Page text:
In a career that has spanned more than three decades, artist Steven Evans has consistently explored connections between music, language, memory, identity, community, and collectivity. When he arrived in New York City, New York in the late 1980s, Evans was involved in two scenes that shaped his ongoing artistic practice: activism and dance music. As a member of agit-prop activist groups like ACT UP (the AIDS Coalition to Unleash Power), Queer Nation, and Visual AIDS, Evans sought to share information to educate and protect the public from the ravages of the AIDS epidemic through a variety of forms of public demonstration. At the same time, Evans was excited by the burgeoning dance music scene, which brought together individuals from diverse backgrounds to commune and celebrate on dance floors.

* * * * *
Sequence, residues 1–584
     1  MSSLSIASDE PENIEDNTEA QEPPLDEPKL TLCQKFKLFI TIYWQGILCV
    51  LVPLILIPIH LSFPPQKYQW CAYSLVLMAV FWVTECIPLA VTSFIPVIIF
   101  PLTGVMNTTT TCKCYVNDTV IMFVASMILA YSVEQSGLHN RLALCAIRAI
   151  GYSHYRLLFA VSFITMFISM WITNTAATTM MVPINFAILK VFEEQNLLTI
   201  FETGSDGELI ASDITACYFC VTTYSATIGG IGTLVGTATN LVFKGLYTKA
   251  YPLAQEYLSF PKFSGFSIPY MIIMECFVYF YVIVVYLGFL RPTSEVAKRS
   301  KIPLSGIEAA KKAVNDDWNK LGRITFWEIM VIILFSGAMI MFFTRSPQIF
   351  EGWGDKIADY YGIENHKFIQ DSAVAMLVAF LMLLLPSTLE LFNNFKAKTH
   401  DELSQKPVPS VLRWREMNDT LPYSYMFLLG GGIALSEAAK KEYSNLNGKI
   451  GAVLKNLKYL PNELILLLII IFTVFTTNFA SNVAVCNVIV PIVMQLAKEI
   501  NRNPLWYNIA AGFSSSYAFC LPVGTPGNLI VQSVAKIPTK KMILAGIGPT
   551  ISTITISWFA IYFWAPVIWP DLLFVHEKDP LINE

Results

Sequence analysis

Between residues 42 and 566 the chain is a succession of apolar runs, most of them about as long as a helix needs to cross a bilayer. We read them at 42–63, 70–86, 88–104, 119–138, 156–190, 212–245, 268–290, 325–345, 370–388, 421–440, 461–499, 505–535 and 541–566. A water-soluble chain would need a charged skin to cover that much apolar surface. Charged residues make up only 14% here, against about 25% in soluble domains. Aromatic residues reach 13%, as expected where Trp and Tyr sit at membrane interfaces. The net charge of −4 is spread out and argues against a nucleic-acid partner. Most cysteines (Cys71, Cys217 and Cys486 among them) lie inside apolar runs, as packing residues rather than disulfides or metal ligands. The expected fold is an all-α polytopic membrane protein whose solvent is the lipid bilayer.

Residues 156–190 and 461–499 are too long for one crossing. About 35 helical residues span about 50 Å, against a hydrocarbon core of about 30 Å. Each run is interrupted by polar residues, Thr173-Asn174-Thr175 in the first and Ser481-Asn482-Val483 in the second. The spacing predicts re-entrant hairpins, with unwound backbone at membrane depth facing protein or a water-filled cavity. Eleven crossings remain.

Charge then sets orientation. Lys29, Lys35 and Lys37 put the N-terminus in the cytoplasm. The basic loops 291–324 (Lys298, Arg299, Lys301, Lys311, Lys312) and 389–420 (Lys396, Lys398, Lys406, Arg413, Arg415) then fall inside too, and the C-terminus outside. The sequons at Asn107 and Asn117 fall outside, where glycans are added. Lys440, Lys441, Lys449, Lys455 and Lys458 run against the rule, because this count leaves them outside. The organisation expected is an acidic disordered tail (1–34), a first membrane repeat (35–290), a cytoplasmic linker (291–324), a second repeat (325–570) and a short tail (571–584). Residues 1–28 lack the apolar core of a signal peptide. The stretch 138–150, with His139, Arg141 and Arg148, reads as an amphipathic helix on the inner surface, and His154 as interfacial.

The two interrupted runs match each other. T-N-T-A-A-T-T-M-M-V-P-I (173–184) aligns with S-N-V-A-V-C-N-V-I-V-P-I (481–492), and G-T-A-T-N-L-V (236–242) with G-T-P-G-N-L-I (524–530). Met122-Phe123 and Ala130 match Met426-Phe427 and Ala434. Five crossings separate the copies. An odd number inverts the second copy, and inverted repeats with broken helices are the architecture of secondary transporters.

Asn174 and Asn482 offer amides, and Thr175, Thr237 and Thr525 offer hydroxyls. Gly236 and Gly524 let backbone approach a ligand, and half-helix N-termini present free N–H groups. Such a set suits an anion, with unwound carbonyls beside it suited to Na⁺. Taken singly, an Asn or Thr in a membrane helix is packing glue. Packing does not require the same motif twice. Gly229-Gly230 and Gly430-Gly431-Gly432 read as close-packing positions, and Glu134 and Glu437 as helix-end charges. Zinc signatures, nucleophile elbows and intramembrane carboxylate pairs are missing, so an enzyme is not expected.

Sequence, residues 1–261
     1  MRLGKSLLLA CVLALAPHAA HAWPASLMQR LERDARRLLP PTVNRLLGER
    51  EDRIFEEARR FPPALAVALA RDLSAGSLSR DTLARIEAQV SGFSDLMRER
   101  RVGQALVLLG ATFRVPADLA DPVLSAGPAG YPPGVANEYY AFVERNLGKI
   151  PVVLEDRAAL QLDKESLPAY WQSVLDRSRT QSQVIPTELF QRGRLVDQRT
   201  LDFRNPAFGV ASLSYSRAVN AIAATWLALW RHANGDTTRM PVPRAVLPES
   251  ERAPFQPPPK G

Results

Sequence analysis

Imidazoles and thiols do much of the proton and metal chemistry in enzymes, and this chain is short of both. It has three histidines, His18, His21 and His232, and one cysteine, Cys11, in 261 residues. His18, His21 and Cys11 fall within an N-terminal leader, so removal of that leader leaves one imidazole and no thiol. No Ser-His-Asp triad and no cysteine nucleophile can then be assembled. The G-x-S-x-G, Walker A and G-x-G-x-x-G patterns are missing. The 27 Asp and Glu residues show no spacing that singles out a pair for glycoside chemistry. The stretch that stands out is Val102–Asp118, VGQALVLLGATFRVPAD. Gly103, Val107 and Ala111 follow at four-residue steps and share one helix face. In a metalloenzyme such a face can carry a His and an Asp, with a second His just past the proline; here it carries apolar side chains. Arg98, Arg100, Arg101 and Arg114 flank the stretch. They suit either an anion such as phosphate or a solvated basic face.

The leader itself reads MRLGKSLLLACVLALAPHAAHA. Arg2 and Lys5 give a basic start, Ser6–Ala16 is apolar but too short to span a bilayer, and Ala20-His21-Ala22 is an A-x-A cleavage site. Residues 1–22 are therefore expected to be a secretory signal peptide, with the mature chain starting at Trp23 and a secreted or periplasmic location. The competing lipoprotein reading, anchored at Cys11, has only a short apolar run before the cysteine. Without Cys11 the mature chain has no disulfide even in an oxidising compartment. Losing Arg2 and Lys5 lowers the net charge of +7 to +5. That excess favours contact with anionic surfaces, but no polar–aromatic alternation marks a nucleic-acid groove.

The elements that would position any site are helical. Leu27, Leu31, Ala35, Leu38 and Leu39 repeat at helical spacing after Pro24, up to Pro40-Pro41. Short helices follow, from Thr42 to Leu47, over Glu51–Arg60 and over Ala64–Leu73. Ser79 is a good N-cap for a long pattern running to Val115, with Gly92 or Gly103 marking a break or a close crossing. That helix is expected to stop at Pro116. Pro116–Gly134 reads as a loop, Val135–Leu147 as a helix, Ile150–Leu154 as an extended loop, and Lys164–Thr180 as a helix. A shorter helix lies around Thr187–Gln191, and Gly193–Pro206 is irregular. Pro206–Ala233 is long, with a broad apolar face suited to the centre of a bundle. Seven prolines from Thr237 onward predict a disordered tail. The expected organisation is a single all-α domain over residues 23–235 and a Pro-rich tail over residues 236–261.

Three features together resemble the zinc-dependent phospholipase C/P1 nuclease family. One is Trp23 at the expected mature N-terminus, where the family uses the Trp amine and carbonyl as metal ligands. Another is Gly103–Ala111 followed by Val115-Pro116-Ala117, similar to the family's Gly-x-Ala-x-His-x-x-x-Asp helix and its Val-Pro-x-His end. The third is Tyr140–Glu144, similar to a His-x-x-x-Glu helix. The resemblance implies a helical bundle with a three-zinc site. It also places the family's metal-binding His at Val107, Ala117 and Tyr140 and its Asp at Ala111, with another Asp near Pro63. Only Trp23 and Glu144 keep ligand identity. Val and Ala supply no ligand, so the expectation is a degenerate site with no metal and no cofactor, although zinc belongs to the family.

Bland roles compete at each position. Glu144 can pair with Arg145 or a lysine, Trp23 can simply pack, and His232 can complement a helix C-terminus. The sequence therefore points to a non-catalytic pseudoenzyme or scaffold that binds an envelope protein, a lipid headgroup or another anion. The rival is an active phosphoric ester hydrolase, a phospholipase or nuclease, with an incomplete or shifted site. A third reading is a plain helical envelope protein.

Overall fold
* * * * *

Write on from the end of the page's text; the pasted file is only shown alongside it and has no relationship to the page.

Evans’s ongoing commitment to an interest in language is evident in his serial engagement with song titles. Contemporary Arts Museum Houston (CAMH) is pleased to present Evans’s newest work, If I Can’t Dance, It’s Not My Revolution (Stonewall Timeline, 1969-2019) (2019) in which 50 song titles rendered in latex paint and adhesive vinyl coalesce in a concrete poem upon the gallery’s pink walls. Taking the 1969 Stonewall Riots as his point of departure, Evans has traced a 50-year history told through the shared experience of popular music. The song titles Evans fabricates in colored neon conjure the illumination of bars and dance clubs, and the energy that animates them. Taken together, these two bodies of work celebrate language, music, community (queer and otherwise), and spirits of celebration and resistance. In Evans’s hands, the notion of movement is simultaneously individual and collective, physical and political.